I am ______, a high school student from _________. This year, I am involved in a STEM research program at my school. My research primarily focuses on the synthesis of a chiral fungicide using palladium-catalyzed Buchwald-Hartwig amination. [Briefly state your previous experience]

I am seeking a research internship position this coming summer, and I am wondering if you would be interested in hosting me as a high school intern and consider my application. Attached are my CV and research summary.

Thank you so much for your consideration!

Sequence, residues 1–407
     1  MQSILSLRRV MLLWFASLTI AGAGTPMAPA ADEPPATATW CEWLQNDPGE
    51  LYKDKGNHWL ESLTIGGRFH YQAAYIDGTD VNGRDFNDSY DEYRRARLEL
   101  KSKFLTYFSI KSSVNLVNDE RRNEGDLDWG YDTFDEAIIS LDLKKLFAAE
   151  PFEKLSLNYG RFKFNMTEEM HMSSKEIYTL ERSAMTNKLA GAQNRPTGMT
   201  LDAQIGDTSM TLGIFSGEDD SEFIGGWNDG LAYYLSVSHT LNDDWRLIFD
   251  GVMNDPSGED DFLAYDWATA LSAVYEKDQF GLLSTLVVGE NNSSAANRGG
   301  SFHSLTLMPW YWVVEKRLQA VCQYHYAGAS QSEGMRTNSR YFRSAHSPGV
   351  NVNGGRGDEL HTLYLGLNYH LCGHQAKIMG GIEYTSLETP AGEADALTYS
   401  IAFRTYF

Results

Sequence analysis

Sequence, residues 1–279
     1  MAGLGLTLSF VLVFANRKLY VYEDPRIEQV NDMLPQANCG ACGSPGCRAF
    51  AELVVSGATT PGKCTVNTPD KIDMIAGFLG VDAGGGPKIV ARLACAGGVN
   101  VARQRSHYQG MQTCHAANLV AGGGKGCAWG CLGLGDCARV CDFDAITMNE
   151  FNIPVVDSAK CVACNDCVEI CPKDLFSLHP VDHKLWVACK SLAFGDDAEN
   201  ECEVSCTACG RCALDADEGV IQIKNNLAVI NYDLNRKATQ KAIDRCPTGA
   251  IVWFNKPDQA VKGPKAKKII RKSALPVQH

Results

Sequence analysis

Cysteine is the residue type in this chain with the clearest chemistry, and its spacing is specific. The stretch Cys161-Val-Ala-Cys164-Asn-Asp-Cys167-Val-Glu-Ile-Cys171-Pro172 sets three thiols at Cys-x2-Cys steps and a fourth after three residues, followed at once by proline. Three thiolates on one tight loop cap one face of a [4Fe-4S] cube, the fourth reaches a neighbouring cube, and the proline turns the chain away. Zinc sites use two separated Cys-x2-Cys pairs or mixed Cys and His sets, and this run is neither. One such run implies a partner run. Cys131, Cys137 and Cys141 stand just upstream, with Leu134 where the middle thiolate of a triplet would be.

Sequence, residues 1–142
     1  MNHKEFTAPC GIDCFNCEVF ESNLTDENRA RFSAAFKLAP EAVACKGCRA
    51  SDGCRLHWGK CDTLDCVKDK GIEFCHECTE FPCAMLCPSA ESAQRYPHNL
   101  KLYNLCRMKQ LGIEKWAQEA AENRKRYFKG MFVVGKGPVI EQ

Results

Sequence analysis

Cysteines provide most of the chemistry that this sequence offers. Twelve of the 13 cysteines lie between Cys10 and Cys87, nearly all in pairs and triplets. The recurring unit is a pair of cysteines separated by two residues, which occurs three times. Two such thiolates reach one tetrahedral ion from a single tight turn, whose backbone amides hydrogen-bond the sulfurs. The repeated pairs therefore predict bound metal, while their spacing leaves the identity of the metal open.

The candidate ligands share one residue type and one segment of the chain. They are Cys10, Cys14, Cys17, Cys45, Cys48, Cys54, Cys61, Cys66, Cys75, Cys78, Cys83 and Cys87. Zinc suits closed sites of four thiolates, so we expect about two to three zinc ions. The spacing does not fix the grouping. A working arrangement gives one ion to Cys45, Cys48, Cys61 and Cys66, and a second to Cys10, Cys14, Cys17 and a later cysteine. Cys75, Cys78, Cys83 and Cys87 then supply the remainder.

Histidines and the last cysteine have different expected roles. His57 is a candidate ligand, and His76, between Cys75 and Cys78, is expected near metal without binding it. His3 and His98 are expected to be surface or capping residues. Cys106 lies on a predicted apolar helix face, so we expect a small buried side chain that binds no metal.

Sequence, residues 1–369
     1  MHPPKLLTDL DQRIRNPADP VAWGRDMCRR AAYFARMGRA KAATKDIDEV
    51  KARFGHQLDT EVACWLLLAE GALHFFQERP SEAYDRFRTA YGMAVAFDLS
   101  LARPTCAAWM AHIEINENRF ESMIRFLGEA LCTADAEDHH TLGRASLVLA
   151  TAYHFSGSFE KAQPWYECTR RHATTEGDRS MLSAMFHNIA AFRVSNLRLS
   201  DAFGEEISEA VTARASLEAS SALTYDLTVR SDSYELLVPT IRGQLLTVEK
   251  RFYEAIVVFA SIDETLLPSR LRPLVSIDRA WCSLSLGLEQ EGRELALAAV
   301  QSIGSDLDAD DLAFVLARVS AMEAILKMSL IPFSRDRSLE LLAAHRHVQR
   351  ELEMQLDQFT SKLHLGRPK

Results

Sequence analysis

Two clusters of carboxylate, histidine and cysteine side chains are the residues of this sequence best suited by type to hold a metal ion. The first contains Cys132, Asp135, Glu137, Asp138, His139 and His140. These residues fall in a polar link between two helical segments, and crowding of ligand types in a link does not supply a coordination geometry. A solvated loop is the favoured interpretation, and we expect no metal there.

Sincerely,

[Your Name]

 Be patient and optimistic!

Many professors are really busy and bad at replying instantaneously. Be patient, and re-send your email if they do not reply in two weeks! Also, be optimistic. There are professors who are interested in mentoring high school students. They do realize our potential and hope to help us pursue our science career. However, please also understand they have limitations in terms of funds and lab space.

Further Information

A book has helped me tremendously throughout my research: Success with Science, The Winner’s Guide to High School Research. It provides detailed and valuable advice on internship, presentation, paper writing, and competitions.

Julie Geng is a VI Former from Shanghai, China; she lives in Thayer House. She is obsessed with chemistry, and her favorite class at St. Mark’s is Death of God.